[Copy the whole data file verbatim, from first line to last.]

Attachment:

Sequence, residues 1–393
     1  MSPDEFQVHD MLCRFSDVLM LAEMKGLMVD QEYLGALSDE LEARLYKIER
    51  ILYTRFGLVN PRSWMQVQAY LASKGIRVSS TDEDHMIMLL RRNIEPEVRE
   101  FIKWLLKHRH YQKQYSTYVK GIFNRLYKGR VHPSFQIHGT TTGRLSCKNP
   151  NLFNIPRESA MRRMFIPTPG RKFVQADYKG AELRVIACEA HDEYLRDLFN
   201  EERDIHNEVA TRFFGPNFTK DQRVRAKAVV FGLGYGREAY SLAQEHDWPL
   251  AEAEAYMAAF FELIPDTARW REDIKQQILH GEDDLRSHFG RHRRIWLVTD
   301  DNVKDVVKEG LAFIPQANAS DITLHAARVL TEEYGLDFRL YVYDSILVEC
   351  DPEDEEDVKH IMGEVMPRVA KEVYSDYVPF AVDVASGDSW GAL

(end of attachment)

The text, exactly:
Sequence, residues 1–393
     1  MSPDEFQVHD MLCRFSDVLM LAEMKGLMVD QEYLGALSDE LEARLYKIER
    51  ILYTRFGLVN PRSWMQVQAY LASKGIRVSS TDEDHMIMLL RRNIEPEVRE
   101  FIKWLLKHRH YQKQYSTYVK GIFNRLYKGR VHPSFQIHGT TTGRLSCKNP
   151  NLFNIPRESA MRRMFIPTPG RKFVQADYKG AELRVIACEA HDEYLRDLFN
   201  EERDIHNEVA TRFFGPNFTK DQRVRAKAVV FGLGYGREAY SLAQEHDWPL
   251  AEAEAYMAAF FELIPDTARW REDIKQQILH GEDDLRSHFG RHRRIWLVTD
   301  DNVKDVVKEG LAFIPQANAS DITLHAARVL TEEYGLDFRL YVYDSILVEC
   351  DPEDEEDVKH IMGEVMPRVA KEVYSDYVPF AVDVASGDSW GAL